How to Read a Lot of Books

Reading is and always has been my favorite thing to do.  I’m currently reading How to Read a Book, and I’m learning some fascinating things about how to get the most out of books.  Basically, take expository works slowly to obtain knowledge, take narrative (including history) fast to have an experience.  Between learning new things and having new experiences, reading can be the most exhilarating form of mental exercise.

Sometimes, though, I get burned out.  Like getting too much of a good thing, reading too much in one genre for too long results in boredom.  This is particularly problematic if you’re trying to learn something.  If you’re not curious about what the book says anymore, you’re probably not curious about the subject anymore.

The key to avoiding this is to alternate genres.  When you start feeling that boredom set in, switch it up.  Change from non-fiction to fiction and vise versa; narrative back to expository reading.  If I’ve read a few pop psychology books and I’m avoiding the next one on the stack from the library, I need to skip it and grab some Harry Potter instead.  When I get tired of reading fiction and I’m ready to dig back into learning something, I can pick up where I left off.  After going back and forth for a while, I usually end up spending some quality time with Pandora and my headphones and just drawing.  It’s all about finding balance and not forcing yourself to read and completely killing your enjoyment.

Sometimes, though, there are books that you really want to read, but that you just can’t seem to get into.  There are books that you know you should read that you just don’t want to read.  Some people believe that you shouldn’t force yourself to read anything you don’t want to, especially if you have complete freedom–no teacher or boss is making you read it.  I mostly agree.  But I also think that you can’t shy away from books just because they’re “boring.”  Some of the most “boring” books are some of the best and are meant to be read.

Audiobooks

As a daring reader and a lover of learning, I try to embrace even the boring books.  I usually try to read a hard copy first, but if that fails, I listen to it on audio.  Audio allows you to keep momentum with a book that you’d easily lose interest in if you put it aside for too long, a risk you take if you have to wait for time when you can sit down and read (we tend to make time for sitting with books only if we’re excited about them).

I choose to not use audio for books I’m excited or curious about because I tend to miss information when I listen.  If all I need is to ingest, get the general idea, listening to it while I do the dishes or fold laundry works really well for me.

Bedtime Books

Another great trick I use is to keep a boring/challenging book on my bedside table and use it as nighttime reading.  (Do not choose something that might be scary or upsetting.  Most classics and theoretical works aren’t usually like that, so you’re probably fine.)  You get the steadiness of dipping into it each night so you don’t forget about what’s going on, you can use it to distract you from the worries of the day so you can clear your mind for sleep, you can allow it to bore you into drowsiness and not feel bad (since you’ll pick up where you left off the next night), and you can take as long as you want to finish it because you’re just using it as a tool in your bedtime routine.  The thing is, before you know it, you’ve read the book!  I surprised myself by reading The Iliad this way.  It took me a month, but not only did I sleep better those nights, I actually remember basically everything that happened and who the main characters were.  Was it a really exciting book to read?  Not always, although I found that I liked it more than I thought I would.  That’s another secret I’ve learned from forcing myself to read books I think will be boring.  Am I glad I forced myself to read it?  Absolutely!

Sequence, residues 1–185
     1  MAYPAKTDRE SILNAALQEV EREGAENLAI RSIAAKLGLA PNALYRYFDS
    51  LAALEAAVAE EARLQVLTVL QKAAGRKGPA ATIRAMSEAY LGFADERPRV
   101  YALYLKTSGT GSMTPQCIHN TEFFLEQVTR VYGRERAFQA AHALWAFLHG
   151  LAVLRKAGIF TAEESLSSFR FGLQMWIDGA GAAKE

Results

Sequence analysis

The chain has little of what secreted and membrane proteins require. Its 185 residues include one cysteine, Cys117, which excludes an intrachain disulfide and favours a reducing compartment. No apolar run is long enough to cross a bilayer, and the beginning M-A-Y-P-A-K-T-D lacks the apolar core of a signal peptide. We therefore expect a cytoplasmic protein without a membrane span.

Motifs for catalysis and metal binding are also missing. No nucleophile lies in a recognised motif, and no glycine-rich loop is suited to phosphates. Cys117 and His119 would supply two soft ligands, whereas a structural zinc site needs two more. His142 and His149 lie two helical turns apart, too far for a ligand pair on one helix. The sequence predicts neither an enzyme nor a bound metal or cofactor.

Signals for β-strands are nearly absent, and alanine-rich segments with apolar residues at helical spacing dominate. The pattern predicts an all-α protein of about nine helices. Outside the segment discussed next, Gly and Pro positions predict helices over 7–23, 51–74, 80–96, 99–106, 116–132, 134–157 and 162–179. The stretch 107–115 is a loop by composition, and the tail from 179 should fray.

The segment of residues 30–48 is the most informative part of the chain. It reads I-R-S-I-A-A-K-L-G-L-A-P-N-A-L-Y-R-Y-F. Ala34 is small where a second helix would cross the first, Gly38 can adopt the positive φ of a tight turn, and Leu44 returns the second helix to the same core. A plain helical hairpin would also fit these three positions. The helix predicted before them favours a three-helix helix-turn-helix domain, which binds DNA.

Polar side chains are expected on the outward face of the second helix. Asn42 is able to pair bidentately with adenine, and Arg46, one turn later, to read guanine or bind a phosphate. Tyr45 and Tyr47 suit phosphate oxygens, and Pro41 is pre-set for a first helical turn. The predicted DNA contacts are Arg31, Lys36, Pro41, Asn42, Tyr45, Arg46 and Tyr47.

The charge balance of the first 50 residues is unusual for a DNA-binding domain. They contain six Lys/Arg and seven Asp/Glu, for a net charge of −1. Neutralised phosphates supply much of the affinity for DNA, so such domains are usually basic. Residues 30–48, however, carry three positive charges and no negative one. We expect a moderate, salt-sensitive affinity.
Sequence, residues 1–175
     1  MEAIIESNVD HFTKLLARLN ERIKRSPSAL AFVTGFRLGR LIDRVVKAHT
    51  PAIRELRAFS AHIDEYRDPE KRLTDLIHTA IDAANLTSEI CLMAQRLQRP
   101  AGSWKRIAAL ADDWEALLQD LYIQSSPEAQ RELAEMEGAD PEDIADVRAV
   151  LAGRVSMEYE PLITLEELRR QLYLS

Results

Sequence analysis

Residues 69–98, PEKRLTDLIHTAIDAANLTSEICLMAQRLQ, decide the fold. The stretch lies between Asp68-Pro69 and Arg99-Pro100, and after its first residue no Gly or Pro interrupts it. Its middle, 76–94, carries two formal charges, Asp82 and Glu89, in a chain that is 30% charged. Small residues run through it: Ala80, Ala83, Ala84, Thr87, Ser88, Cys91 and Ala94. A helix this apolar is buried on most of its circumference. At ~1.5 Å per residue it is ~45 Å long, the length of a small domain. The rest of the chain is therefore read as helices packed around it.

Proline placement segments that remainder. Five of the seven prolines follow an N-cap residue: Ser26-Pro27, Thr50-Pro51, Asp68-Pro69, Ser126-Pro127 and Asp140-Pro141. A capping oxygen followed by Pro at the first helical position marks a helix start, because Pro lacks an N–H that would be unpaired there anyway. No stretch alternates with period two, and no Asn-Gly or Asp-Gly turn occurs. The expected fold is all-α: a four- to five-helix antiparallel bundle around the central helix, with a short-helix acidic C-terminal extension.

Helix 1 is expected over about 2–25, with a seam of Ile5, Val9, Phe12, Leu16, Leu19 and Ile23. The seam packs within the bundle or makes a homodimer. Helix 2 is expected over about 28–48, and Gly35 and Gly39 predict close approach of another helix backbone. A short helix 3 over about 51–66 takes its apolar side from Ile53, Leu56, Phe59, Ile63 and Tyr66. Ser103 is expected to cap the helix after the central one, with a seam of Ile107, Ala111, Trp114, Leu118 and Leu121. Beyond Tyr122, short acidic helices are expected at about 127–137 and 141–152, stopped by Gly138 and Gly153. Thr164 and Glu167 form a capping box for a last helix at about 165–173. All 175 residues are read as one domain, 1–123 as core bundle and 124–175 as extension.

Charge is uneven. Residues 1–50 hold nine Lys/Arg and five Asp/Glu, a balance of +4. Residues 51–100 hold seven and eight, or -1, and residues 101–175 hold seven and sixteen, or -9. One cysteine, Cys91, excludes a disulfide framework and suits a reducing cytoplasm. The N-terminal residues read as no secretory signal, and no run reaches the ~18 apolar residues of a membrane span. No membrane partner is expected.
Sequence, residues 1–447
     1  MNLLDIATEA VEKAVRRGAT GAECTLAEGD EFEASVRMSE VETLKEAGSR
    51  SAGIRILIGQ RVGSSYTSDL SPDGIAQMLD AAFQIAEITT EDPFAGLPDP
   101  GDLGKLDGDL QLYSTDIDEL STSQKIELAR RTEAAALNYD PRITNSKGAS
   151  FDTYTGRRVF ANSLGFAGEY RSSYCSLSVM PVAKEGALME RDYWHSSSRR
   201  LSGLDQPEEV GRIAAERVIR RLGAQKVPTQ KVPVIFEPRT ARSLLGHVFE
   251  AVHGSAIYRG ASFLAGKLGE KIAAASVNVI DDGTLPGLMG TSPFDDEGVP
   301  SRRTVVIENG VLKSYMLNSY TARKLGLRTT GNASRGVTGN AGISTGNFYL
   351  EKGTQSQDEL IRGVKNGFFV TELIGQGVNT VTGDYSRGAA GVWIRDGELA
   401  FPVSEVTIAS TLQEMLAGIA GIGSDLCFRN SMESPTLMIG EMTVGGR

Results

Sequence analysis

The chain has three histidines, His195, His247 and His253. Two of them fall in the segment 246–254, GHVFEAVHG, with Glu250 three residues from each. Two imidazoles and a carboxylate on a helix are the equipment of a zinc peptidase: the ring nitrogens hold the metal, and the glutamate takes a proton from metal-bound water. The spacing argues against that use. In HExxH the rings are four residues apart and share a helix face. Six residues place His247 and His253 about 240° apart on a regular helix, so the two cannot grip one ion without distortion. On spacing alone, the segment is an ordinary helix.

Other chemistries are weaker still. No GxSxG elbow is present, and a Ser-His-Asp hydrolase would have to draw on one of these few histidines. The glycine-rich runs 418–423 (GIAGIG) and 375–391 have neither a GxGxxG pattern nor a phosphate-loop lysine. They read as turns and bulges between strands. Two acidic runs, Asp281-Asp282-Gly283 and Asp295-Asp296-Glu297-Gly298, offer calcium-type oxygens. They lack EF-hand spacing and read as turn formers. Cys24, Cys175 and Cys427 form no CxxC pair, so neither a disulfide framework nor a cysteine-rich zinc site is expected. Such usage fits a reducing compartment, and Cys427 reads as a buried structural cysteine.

Digital Books

My mother is a faithful nighttime reader.  She can’t live without her Kindle.  But let’s talk about digital books for a moment.  I think the technology is very cool.  I own a Kindle myself.  But I just can’t learn to love it, no matter how hard I try.  I can’t engage with a digital book, and unlike audio, I still have to go through the work of reading without the pleasure of it’s heft and papery caress.  I also find it frustrating that I can’t quickly gauge the pages I’ve read and the ones I have still to read.  It takes a frustrating maze of menus to see a footnote or table of contents or index, where with a hard copy I can just flip back and forth however I choose.  A real book is cozy and friendly.  A Kindle (or any other e-reader) is just another device that needs to be plugged in.

Finally, and most troubling of all, I almost never remember what I read when I read digital books.  What’s the point of reading if you can’t remember it at all?  I have found that the one thing I do love about digital books is that I can get instant gratification if there’s a book (usually only fiction) that I’m dying to read.  One click and I have it.  It’s also a great tool for instantly previewing books I might like to buy or check out from the library.

Goodreads

If I’m going to be reading all these books, though, I need someway to keep track of them.  I use Goodreads exclusively for keeping track of what I’ve read and what I want to read.  I also use it for discovering new books and checking out books that others recommend to me.  Honestly, when I’m taking time off from reading completely, I still spend a lot of time on Goodreads just adding things to my to-read list.  That usually gets me excited to pick up the next book.

How do you like to read?  How do you fit reading into your life?

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